Addison Gallery of American Art
Andover, Massachusetts (March 30, 2017) — This spring, the Addison Gallery of American Art, located on the campus of Phillips Academy in Andover, Massachusetts, will present Frank Stella Prints: From the Collections of Jordan D. Schnitzer and His Family Foundation. Throughout his prolific and influential career, Frank Stella, a Phillips Academy alumnus (Class of 1954), has been a major figure in the art world, internationally hailed as one of America’s most significant artists. In his paintings, metal reliefs, sculptures, and prints, he has explored abstraction, which emerged during the early twentieth century in the innovations of artists such as Vassily Kandinsky, Kazimir Malevich, Piet Mondrian, and Pablo Picasso. A pioneer of minimalism in the 1960s, Stella continues to experiment and innovate, creating some of the most daring work to be seen today. Frank Stella Prints, organized by the Madison Museum of Contemporary Art in Wisconsin and curated by Richard H. Axsom, will be on view at the Addison through July 30, 2017, accompanied by The Gifts of Frank Stella, an exhibition highlighting works generously donated by the artist to the Addison.
In celebration of the opening of the exhibition, the Addison will host a public reception on Friday, April 21 from 6:00 to 8:00 p.m., and a panel discussion on Saturday, April 22 at 4:00 p.m. with Mr. Stella, print collector Jordan Schnitzer, exhibition curator Richard H. Axsom, and master printmaker Kenneth Tyler, moderated by museum director Judith F. Dolkart. Both events are free and open to the public.
“The Addison is thrilled to present the work Frank Stella, whose ambitious, virtuoso career has helped to define American art in the twentieth and twenty-first centuries. Mr. Stella’s engagement with printmaking—just one aspect of his rich and prolific oeuvre–demonstrates his creative reinvention of the medium. We are particularly excited to welcome Frank Stella
back to the Addison and to Phillips Academy, where he spent his high school days and where he has so generously shared his experiences and collections with the Phillipians who have followed in his footsteps,” stated Judith F. Dolkart, The Mary Stripp and R. Crosby Kemper Director of the Addison Gallery.
Stella’s first major print retrospective since 1982, the exhibition includes more than 100 editioned prints, drawn from the collection of the Jordan Schnitzer Family Foundation, which demonstrate the artist’s remarkable career as a printmaker. Challenging traditional print media, Stella engaged in a series of stylistic reinventions from the geometric abstraction of minimalism in the early 1960s to the baroque exuberance of his later gestural work.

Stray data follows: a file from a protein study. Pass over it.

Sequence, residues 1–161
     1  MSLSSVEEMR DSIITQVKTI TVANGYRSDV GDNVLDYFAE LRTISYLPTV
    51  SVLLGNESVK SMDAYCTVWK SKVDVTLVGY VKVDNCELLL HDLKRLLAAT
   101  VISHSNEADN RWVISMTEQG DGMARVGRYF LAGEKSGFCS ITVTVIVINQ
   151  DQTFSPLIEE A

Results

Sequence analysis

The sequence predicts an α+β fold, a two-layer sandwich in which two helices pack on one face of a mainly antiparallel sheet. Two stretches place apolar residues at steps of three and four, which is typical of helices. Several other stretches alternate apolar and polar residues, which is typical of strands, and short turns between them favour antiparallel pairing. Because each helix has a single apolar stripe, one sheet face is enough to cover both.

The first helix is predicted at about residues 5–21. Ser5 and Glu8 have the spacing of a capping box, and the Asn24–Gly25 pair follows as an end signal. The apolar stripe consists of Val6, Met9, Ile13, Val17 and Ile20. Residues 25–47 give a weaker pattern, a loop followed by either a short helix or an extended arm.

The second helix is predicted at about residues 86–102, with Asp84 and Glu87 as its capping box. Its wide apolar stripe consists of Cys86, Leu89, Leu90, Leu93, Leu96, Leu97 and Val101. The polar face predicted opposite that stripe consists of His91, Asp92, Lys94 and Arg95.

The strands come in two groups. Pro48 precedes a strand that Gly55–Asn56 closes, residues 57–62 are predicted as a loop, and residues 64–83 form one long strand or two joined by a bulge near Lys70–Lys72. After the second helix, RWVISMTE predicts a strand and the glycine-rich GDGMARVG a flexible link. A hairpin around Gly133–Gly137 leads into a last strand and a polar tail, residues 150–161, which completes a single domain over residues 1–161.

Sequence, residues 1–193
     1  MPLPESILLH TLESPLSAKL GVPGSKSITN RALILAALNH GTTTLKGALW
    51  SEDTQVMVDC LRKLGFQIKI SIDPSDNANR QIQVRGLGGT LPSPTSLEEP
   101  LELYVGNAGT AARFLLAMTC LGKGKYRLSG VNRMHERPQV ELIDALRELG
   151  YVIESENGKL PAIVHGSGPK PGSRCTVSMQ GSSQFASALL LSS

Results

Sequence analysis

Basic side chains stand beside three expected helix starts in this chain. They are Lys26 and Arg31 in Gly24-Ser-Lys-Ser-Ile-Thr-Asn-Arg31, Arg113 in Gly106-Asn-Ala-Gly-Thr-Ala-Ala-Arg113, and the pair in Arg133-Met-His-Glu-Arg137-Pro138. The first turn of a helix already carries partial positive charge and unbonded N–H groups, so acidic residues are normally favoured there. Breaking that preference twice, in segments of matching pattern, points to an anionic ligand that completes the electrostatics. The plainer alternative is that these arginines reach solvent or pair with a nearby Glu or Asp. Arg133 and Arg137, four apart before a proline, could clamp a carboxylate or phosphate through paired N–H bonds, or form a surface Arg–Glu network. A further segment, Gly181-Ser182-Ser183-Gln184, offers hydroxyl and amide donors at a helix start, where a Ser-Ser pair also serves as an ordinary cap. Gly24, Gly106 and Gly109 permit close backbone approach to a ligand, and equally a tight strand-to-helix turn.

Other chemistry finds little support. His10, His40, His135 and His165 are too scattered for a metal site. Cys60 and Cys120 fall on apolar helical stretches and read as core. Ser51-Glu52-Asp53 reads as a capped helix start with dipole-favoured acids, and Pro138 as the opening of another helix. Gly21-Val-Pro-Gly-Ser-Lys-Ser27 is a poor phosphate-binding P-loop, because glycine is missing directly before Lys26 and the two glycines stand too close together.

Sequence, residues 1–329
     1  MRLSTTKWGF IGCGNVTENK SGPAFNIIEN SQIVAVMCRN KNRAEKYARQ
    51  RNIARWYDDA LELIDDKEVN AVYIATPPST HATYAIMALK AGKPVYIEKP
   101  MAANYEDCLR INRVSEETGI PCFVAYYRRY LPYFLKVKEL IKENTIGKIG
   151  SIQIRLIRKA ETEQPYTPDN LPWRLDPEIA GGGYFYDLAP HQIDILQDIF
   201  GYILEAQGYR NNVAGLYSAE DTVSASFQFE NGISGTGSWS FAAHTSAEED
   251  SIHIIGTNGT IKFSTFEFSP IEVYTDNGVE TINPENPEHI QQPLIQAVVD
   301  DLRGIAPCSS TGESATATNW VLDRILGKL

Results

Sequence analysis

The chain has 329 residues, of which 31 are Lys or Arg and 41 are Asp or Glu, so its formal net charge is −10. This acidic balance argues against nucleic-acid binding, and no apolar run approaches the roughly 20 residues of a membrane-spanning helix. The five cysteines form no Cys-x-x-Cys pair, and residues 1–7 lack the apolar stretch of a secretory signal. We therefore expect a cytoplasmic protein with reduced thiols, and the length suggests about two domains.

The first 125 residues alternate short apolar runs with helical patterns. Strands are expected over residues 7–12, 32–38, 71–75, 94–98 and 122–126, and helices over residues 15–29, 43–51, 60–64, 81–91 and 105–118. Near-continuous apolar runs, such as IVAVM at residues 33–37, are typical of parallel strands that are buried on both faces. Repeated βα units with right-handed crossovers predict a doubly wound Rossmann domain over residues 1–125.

Frank Stella was recognized in the early 1960s as one of the most important proponents of the new geometric abstraction. In a career spanning more than five decades, his style has evolved from minimalist form toward greater complexity and exuberance of color, creating a body of work that established Stella as one of the most prominent abstract artists of our time.
Early on, Stella’s paintings directly informed his printmaking. Primarily lithographs, these early prints rephrased the paintings in variations of color and scale. In the 1980s, the prints, although still linked to the painting series, became independent in their imagery and began to incorporate materials and methods from the paintings into their production.
New directions in Stella’s printmaking also led to an increasingly varied use of print media, combining lithography, screenprinting, intaglio, and woodcut on color-stained handmade paper. Discarded color trial proofs from previous series and new, often computerized, proofs were cut-up and stapled down for collages that were adapted to printing elements. Scrap metal from the relief paintings and from previous print series became the primary printing elements that were collaged together to create assembled plates. In physicality and imagery, the reciprocities among Stella’s later paintings, reliefs, sculpture, and prints are complex, with the prints playing a central role. Stella has tellingly said “the prints are in all of my work.”
Stella made the majority of his prints in collaboration with master printer Kenneth Tyler. Perhaps the most technically innovative of all twentieth-century printers, Tyler was a perfect match for Stella’s own restless imagination—creating what the critic Robert Hughes characterized in 1984 as “one of the great partnerships in modern American art.” So intimate and successful was the Stella/Tyler relationship that when Tyler Graphics Ltd. closed its workshop in 2001, Stella stopped making prints.